Two team-sport studies also suggested that low doses of caffeine may improve aspects of soccer and rugby playing, although the studies gave 3.7 and 4.0 mg/kg bm caffeine, respectively. In the soccer study, players completed two 90 min intermittent shuttle running trials, consuming a CES on one occasion and the same CES with caffeine on the other . The solutions were ingested before the trial and every 15 min throughout. Adding caffeine to the CES improved sprint performance, counter-movement jumping, and offset the fatigue-induced decline in the self-selected components of performance , In the rugby study, the players again were given either a placebo, CES, or a CES with caffeine before and during a rugby-union-specific shuttle running protocol . In the CES with caffeine trial, the likelihood of a 2 % improvement was 98 % over placebo and 48 % over CES alone. Motor skills were also performed faster in the CES plus caffeine trial versus the other two trials, and 15 m sprints were faster than placebo. The authors concluded that the co-ingestion of CHO and caffeine was likely to benefit rugby union performance . It would be interesting to repeat aspects of these studies with slightly lower caffeine doses.
6 Low Caffeine Doses and High-Intensity Exercise that Relies on Anaerobic Energy Production
Many forms of exercise and sports are reliant on bursts of activities or sprints, where the dominant portion of the energy production must be provided by non-oxidative or ‘anaerobic’ energy sources [38, 39]. Phosphocreatine (PCr) and adenosine triphosphate (ATP) production in the glycolytic pathway are the two main pathways for the production of anaerobic energy. While the PCr store can be consumed in a few seconds and the heavy use of the glycolytic pathway can lead to acidosis in muscle cells, these pathways are able to provide energy very quickly and in large quantities for short periods of time to allow athletes to complete very powerful movements [38, 39]. In many sports, the ability to repeatedly burst or sprint is essential to success. In stop-and-go and power-based sports, these bursts often occur on the back of already high energy production from the aerobic system. The question for this paper is whether this type of activity is improved by caffeine ingestion and specifically low doses of caffeine.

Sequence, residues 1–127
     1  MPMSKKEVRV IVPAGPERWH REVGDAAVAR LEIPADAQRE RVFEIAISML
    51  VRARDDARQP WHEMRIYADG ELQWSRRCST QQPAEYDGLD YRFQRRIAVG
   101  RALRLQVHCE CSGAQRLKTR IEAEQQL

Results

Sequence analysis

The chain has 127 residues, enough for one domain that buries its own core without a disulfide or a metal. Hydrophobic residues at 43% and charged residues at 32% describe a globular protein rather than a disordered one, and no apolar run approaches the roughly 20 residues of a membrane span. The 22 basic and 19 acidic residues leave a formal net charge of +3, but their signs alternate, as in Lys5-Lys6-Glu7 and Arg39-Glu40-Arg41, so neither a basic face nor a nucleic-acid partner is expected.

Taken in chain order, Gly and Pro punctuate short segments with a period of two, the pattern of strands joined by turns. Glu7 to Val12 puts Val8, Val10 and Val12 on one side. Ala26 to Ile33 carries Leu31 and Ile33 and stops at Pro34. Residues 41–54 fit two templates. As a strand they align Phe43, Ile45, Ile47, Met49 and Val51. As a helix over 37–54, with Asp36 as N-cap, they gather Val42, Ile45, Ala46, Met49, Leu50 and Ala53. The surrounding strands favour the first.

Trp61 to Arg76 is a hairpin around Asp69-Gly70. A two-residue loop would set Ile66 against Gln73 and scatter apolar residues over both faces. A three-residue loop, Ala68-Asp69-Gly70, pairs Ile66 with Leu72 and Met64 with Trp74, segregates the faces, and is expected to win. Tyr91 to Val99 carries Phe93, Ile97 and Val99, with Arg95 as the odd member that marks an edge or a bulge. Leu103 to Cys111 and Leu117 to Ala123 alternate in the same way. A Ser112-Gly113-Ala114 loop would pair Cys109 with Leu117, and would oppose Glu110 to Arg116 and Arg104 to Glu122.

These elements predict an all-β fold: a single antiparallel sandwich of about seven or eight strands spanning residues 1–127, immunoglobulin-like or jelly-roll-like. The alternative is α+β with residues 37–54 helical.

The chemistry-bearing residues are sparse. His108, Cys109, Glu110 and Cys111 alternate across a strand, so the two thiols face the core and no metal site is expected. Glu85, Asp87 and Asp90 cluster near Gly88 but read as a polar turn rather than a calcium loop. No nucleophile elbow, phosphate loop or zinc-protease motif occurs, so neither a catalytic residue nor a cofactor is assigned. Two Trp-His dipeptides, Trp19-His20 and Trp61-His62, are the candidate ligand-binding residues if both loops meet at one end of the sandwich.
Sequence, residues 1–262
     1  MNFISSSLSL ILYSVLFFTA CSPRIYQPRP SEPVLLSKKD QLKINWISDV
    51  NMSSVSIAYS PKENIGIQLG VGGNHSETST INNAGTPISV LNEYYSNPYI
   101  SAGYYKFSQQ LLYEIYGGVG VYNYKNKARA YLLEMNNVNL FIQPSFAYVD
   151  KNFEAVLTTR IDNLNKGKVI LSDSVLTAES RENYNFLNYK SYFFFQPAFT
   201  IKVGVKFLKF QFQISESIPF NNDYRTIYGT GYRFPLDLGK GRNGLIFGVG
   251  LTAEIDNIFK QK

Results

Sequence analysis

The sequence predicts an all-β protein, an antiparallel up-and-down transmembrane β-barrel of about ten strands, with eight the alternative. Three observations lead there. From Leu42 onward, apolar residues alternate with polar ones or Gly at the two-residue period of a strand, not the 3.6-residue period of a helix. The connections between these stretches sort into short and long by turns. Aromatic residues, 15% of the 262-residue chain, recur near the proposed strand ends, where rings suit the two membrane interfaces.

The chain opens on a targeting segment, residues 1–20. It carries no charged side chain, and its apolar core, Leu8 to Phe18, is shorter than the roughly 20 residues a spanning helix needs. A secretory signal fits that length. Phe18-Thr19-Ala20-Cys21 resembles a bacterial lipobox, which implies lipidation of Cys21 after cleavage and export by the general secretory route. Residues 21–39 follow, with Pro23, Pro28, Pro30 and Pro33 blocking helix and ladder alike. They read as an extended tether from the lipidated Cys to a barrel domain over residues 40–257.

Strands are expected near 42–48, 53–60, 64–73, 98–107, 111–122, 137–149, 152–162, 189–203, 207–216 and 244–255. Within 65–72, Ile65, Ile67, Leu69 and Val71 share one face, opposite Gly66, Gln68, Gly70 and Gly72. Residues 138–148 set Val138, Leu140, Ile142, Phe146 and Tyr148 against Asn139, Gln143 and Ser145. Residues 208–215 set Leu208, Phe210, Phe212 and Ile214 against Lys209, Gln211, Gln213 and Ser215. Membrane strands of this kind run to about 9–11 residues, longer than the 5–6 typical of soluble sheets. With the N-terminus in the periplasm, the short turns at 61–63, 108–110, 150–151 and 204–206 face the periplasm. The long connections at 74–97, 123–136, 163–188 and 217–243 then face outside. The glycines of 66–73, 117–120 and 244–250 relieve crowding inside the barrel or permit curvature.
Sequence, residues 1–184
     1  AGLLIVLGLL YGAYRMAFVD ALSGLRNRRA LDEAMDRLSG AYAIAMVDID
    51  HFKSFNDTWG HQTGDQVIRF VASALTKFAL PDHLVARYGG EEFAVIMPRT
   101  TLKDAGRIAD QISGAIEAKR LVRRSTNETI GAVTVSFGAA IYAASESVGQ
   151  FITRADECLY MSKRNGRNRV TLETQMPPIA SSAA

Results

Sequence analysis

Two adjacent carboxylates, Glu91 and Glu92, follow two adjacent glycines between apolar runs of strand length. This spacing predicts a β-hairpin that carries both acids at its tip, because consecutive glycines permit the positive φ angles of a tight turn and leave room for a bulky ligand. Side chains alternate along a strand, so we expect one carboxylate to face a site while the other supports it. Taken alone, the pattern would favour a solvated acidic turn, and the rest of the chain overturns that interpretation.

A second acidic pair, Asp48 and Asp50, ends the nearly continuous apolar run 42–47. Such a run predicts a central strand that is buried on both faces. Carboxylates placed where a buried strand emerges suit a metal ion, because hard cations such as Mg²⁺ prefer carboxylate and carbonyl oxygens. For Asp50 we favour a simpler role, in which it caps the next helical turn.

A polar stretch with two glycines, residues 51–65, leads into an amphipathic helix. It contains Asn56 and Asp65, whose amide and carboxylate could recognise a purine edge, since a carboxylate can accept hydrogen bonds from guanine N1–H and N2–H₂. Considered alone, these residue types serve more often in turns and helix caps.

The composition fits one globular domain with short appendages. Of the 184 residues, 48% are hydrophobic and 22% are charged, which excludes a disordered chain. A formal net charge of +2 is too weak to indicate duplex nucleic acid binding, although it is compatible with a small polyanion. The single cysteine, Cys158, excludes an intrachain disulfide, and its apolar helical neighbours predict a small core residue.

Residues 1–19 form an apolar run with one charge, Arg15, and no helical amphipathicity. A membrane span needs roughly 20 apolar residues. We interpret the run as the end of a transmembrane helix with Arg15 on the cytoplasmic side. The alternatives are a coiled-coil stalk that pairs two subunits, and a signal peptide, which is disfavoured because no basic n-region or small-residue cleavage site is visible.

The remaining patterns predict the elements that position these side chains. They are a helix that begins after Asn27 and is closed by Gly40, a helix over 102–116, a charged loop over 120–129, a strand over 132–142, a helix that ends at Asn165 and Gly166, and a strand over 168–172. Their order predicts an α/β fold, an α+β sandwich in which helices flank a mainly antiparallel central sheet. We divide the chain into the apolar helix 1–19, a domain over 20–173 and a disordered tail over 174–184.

Early reviews generally concluded that there was no benefit of caffeine for burst activities [8, 9] as the majority of studies reported no effects. However, as the number of studies examining this type of work increased, more recent reviews suggested that there were benefits in about 50 % of the published studies in power-based sports, resistance training paradigms, repeated high-intensity intermittent exercise, and isometric and isokinetic muscle force production and endurance [40, 41]. For example, indices of strength in highly resistance-trained males were improved with caffeine ingestion of 7 mg/kg bm , and more weight was lifted and a greater peak power was attained in a Wingate test in competitively trained males following the ingestion of 5 mg/kg bm caffeine . Short-term high-intensity cycling lasting about 1 min was also improved by the ingestion of 5 mg/kg bm caffeine in two studies [44, 45]. However, these studies did not measure lower doses of caffeine.
Almost no work exists in this area with low caffeine doses. However, a research group in France reported ergogenic effects of a 250 mg dose of caffeine on work maximum in a test of maximal anaerobic power  and in repeated 100 m sprints in trained swimmers . More recently, Astorino et al.  examined the effects of ingesting either 2 or 5 mg/kg bm caffeine on isokinetic knee flexion performance and reported no effect of the low caffeine dose on peak torque or knee extension/flexion total work or power. Therefore, the conclusion here must be that very little ‘low-dose’ caffeine research has been done in this area, although it may be argued that this stems from the somewhat equivocal results that have been reported with moderate and high doses of caffeine on burst and sprint activities.
7 Low Caffeine Doses and Vigilance, Alertness, Mood and Cognitive Function